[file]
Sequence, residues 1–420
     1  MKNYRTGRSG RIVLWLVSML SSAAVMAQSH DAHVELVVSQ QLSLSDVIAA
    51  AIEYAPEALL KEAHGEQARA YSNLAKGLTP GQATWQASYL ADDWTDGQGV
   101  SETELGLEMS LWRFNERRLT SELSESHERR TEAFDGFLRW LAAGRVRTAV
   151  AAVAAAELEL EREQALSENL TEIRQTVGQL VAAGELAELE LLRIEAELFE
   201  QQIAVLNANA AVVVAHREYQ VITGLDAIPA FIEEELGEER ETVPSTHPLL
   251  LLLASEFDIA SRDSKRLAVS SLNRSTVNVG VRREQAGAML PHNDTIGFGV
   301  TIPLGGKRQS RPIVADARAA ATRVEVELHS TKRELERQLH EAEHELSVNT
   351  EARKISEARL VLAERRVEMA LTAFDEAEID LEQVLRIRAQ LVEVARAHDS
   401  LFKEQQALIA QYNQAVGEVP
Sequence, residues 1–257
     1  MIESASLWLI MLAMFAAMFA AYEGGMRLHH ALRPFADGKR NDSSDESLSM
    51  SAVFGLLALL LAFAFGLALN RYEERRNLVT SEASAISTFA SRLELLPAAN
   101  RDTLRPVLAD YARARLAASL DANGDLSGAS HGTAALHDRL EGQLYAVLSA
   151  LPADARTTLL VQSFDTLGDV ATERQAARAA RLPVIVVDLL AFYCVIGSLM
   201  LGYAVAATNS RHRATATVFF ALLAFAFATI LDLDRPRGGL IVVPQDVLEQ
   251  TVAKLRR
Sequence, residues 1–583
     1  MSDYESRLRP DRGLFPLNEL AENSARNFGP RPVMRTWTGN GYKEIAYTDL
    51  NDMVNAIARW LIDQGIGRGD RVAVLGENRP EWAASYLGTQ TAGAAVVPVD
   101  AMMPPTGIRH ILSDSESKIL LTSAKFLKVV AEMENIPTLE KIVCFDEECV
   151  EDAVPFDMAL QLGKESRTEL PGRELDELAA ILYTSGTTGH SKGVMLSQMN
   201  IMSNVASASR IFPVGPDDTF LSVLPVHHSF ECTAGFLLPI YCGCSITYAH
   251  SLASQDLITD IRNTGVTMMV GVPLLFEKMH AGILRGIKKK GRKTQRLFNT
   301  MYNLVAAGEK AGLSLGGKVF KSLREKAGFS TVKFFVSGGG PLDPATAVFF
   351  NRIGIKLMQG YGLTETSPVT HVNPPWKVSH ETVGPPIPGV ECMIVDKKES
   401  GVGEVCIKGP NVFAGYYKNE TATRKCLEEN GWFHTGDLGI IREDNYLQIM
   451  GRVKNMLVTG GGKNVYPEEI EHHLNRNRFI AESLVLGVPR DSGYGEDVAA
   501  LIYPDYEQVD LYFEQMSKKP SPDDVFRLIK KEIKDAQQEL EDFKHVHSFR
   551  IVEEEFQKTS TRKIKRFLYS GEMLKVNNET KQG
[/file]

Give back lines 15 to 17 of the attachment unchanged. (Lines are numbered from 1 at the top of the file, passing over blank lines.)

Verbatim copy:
   151  LPADARTTLL VQSFDTLGDV ATERQAARAA RLPVIVVDLL AFYCVIGSLM
   201  LGYAVAATNS RHRATATVFF ALLAFAFATI LDLDRPRGGL IVVPQDVLEQ
   251  TVAKLRR